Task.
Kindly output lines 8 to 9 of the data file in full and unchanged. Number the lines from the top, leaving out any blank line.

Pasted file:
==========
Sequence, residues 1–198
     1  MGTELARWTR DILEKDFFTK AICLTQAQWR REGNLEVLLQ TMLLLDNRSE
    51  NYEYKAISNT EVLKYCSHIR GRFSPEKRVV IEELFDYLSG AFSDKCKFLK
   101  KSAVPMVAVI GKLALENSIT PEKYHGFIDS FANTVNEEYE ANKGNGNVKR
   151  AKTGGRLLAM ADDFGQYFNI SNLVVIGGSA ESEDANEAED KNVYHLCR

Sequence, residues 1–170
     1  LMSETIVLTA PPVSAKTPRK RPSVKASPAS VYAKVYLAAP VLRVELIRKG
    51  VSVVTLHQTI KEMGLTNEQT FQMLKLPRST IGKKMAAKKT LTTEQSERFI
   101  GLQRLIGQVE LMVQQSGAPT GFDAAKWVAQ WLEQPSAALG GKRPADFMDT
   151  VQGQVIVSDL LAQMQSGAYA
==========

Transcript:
    51  VSVVTLHQTI KEMGLTNEQT FQMLKLPRST IGKKMAAKKT LTTEQSERFI
   101  GLQRLIGQVE LMVQQSGAPT GFDAAKWVAQ WLEQPSAALG GKRPADFMDT